update: this.update,
    });
  },
};

Create

Let’s take a look how to use the DataModel component to create a new record.

<data-model endpoint="posts">
  <div slot-scope="{ data: post, loading, create }">
    <span v-if="loading">Loading...</span>
    <template v-if="post">
      <h3>{{ post.title }}</h3>
      <p>{{ post.body }}</p>
    </template>

    <form @submit.prevent="create(newPost);">
      <label>
        Title: <input v-model="newPost.title">
      </label>
      <label>
        Body: <input v-model="newPost.body">
      </label>
      <button :disabled="loading">
        <template v-if="loading">Loading...</template>
        <template v-else>Create</template>
      </button>
    </form>
  </div>
</data-model>

In the example code snippet above, you can see, that we’re not passing an entity or id property to the <data-model> component. Therefore, initially, no API call is made and no resource is loaded. But we can create a new post resource, by calling the create method provided by the DataModel via the slot-scope. As soon as the API call was successful, the DataModel instance is linked to the newly created post resource returned by the API and we render the post.title and the post.body above the form.

Update

The markup for updating a resource, looks almost identical to the markup for creating a new resource you’ve seen above, but this time we provide an ID property to the DataModel.

<data-model endpoint="posts" :id="1">
  <div slot-scope="{ data: post, loading, update }">
    <span v-if="loading">Loading...</span>
    <template v-if="post">
      <h3>{{ post.title }}</h3>
      <p>{{ post.body }}</p>
    </template>

    <form @submit.prevent="update(post);">
      <label>
        Title: <input v-model="post.title">
      </label>
      <label>
        Body: <input v-model="post.body">
      </label>
      <button :disabled="loading">
        <template v-if="loading">Loading...</template>
        <template v-else>Update</template>
      </button>
    </form>
  </div>
</data-model>

Delete

Basically, the destroy method, does almost the same as the create and update methods but after successfully deleting a resource, we don’t have any data anymore to render, instead we can listen to the success event of the DataModel instance to react in some way to successful deletion of the resource.

<data-model endpoint="posts" :id="1" @success="deleted = true">
  <div slot-scope="{ delete }">
    <p v-if="deleted">
      The post was successfully deleted.
    </p>
    <button :disabled="loading">
      <template v-if="loading">Loading...</template>
      <template v-else>Delete</template>
    </button>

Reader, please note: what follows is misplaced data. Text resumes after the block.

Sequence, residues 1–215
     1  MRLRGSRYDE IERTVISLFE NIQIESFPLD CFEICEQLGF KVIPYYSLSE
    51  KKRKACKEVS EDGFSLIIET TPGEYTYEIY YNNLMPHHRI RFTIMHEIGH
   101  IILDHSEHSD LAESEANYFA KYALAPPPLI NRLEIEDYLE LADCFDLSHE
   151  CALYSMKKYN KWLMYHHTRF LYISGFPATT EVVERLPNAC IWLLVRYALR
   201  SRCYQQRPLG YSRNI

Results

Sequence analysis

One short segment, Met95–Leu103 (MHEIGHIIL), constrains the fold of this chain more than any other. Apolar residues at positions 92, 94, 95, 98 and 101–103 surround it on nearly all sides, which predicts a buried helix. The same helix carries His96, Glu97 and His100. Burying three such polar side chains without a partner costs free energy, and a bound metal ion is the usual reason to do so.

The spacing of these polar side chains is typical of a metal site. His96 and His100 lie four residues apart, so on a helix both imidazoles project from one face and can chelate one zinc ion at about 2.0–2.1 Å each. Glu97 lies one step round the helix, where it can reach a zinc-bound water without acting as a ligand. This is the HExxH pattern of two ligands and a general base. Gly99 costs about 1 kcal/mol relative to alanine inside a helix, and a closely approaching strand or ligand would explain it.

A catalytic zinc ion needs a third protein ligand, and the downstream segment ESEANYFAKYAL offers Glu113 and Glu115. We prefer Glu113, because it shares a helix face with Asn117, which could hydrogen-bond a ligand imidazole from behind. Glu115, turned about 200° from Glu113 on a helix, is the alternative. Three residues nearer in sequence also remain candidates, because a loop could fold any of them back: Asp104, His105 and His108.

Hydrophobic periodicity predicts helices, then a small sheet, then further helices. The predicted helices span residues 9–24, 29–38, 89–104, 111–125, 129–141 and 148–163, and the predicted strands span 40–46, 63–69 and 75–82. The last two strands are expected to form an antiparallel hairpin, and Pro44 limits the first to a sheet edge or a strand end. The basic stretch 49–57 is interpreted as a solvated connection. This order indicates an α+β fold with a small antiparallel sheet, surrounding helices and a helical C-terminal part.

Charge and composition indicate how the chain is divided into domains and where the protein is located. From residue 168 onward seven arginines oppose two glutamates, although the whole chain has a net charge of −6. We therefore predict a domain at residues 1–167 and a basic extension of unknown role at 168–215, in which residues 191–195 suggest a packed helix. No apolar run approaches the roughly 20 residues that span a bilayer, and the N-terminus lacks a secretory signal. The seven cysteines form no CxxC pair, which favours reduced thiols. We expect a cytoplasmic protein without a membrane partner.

</div>
</data-model>

Combining DataList and DataModel

Now let’s imagine the following scenario: you want to render a list of posts and additionally you want to render a Delete button for every post. We can combine the DataList and DataModel components to deal with this requirements.

<data-list endpoint="posts">
  <div slot-scope="{ data: posts, error, load, loading }">
    <span v-if="loading">Loading...</span>
    <span v-else-if="error">Error while fetching data!</span>
    <ul v-else>
      <li v-for="post in posts" :key="post.id">
        <data-model
          :entity="post"
          :id="post.id"
          endpoint="posts"
          @success="load"
        >
          <div slot-scope="{ destroy, loading }">
            <h3>{{ post.title }}</h3>
            <p>{{ post.body }}</p>
            <button
              :disabled="loading"
              @click="destroy"
            >
              <template v-if="loading">Loading...</template>
              <template v-else>Delete</template>
            </button>
          </div>
        </data-model>
      </li>
    </ul>
  </div>
</data-list>

In the example above, you can see that we can nest DataList and DataModel components. By passing a post object as an entity to the DataModel component, no API call is made initially, but we’re able to run CRUD operations on the model. A post can be deleted by clicking on the Delete button, the @success event handler on the <data-model> is triggered after a successful request, so if the post was deleted successfully, we trigger the load() method provided by the DataList component, which triggers a reload of the data provided by the DataList (which now shouldn’t contain the deleted post anymore).


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Wrapping it up

The power of slot-scope makes it possible to build generic wrapper components to provide all kinds of data or functionality to the wrapped component. Handling CRUD operations is only one of the plentiful possibilities. But I think it is one of the most useful ways of how to utilize renderless components.

The examples provided in this article only scratch the surface of what is possible to achieve with the DataList and DataModel components. If you’re interested in seeing additional examples, you can checkout the GitHub repository or take a look at the demo page hosted on Netlify.